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There are certain documents that are filed to process any divorce in Texas.  Among these, are the petition for divorce, the waiver of service and the final decree of divorce.  All of these documents are public documents.  This means that anyone can go to the District Court’s computer and look up the name and review the documents that were filed.  As of 2018 in Bexar County, these documents are not available by any means other than to order them directly from the District Clerk or to go in person and look them up for purposes of printing them.

That these documents are public can understandably be upsetting to people that are getting divorced.  Divorce documents by their nature have information that many people just plain prefer to keep private such as detailed listings of debts and assets, or fault in the break up of the marriage.

Is There a Way to Keep Divorce Documents Private in Texas?

There is no way to keep decrees, petitions or motions private.  However, there is a way to keep the asset and liability listings and terms of the decree out of public view.  Your lawyer would draft what is called an “Agreement Incident to Divorce.”

This is just a fancy phraze for the word “contract” and is a way that you can make sure that you still list your assets and debts but such that you do not have to publically file the information.

Your Attorney will still need to draft a decree of divorce.  The decree of divorce will state that the parties, in order to divide the marital estate, have executed an Agreement Incident to Divorce.  The decree will reference the document, but the document will not be filed.

The Court will also still need to approve of the document and ensure it provides a just and right division of the marital estate.

This is about as far as a person can go in Texas to keep their terms of divorce underwraps.

Your lawyer will charge you for drafting this, as it will entail additional time for the draftsmen and additional execution of originals.  Since the original will not be filed with the court, retention of the original document for all parties is of import.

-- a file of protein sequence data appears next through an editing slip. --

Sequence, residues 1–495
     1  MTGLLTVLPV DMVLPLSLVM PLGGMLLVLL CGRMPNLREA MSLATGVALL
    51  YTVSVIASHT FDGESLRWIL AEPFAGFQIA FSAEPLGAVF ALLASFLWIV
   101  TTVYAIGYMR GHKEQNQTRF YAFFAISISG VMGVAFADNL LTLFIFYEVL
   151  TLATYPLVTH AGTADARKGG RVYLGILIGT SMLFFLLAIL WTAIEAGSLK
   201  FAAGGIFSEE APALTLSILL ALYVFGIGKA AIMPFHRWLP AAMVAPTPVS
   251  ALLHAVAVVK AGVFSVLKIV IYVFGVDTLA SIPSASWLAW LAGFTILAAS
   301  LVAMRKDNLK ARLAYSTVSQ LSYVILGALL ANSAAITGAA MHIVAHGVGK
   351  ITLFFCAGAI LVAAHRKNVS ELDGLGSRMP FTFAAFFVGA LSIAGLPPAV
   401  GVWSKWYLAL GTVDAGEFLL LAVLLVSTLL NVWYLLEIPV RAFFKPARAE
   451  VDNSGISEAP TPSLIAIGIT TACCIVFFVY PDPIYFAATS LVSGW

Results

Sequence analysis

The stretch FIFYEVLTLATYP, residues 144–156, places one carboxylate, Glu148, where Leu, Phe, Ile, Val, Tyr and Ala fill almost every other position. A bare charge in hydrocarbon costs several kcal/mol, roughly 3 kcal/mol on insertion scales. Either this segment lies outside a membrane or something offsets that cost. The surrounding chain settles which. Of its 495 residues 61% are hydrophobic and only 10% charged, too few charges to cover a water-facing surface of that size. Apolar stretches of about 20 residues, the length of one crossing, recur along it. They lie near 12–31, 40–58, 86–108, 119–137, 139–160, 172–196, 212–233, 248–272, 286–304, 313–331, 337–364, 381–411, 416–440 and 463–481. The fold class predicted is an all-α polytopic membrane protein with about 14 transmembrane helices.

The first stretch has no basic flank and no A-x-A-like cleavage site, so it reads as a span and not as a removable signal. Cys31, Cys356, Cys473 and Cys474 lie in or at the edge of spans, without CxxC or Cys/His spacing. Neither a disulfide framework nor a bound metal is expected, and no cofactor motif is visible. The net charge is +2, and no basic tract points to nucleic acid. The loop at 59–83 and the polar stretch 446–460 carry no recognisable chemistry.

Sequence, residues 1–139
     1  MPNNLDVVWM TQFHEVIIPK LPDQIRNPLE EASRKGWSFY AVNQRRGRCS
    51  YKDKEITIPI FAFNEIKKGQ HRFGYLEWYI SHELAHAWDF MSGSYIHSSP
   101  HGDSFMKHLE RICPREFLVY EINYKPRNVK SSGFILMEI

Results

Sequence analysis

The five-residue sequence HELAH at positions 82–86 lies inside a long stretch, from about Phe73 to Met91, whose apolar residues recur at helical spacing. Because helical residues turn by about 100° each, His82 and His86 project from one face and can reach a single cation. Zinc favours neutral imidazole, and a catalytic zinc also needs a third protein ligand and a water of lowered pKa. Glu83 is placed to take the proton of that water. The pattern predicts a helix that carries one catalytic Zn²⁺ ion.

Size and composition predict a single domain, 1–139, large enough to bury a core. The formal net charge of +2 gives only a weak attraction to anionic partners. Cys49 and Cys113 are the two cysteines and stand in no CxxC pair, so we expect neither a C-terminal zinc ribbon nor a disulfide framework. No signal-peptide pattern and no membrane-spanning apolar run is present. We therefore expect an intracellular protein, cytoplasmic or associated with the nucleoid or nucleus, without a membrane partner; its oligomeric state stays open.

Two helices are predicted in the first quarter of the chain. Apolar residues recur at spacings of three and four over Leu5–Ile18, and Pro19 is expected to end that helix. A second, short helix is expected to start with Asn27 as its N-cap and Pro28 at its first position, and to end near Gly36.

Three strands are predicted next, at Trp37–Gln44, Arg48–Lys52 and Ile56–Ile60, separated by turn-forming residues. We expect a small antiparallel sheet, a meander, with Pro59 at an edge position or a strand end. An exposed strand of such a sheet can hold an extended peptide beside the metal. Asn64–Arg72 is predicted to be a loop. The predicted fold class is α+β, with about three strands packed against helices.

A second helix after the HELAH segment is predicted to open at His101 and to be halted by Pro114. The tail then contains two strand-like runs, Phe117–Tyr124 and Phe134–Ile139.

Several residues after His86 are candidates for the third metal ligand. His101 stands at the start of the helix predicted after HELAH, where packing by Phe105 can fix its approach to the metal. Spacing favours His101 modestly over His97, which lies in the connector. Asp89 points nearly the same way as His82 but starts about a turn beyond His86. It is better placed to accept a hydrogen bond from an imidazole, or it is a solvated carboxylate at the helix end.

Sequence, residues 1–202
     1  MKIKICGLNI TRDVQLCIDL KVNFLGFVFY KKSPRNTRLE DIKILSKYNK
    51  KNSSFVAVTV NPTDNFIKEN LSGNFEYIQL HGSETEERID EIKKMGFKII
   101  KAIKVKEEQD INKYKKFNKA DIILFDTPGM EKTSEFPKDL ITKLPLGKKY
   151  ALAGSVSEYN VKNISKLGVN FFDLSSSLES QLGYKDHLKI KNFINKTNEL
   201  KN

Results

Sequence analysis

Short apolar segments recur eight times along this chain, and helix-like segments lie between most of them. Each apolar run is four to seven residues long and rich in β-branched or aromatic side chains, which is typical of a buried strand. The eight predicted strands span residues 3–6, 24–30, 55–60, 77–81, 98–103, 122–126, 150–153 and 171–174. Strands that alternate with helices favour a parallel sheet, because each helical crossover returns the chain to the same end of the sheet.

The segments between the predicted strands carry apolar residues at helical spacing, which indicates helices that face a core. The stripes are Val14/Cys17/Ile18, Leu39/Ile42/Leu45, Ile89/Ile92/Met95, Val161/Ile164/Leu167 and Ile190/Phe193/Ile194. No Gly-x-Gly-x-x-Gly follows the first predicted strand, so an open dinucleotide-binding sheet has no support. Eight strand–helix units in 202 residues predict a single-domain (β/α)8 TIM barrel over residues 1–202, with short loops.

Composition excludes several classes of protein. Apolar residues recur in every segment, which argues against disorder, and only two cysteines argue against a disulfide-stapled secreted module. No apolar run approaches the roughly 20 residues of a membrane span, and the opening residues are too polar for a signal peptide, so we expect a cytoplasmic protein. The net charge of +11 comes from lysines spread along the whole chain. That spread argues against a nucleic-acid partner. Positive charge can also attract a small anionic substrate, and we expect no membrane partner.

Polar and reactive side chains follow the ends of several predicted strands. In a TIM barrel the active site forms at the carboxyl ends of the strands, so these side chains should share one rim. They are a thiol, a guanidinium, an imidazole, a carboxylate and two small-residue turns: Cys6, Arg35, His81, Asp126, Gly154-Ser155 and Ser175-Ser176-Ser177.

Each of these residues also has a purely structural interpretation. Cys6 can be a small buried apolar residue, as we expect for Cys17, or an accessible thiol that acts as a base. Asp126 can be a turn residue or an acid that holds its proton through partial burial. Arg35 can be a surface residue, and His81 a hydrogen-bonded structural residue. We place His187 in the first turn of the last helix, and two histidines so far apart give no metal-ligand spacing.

What Part of the Texas Family Code Enables Documents to Be Private.

Section 7.006 of the Texas Family Code:

(a) To promote amicable settlement of disputes in a suit for divorce or annulment, the spouses may enter into a written agreement concerning the division of the property and the liabilities of the spouses and maintenance of either spouse.  The agreement may be revised or repudiated before rendition of the divorce or annulment unless the agreement is binding under another rule of law.

(b) If the court finds that the terms of the written agreement in a divorce or annulment are just and right, those terms are binding on the court.  If the court approves the agreement, the court may set forth the agreement in full or incorporate the agreement by reference in the final decree.

(c) If the court finds that the terms of the written agreement in a divorce or annulment are not just and right, the court may request the spouses to submit a revised agreement or may set the case for a contested hearing.

Megan Victoria Cook

Megan Victoria Cook

Texas Divorce Lawyer

I would be honored to talk to you about your divorce needs in Texas. My telephone consultations are free. Call today (210) 271-2800. I serve families throughout Texas.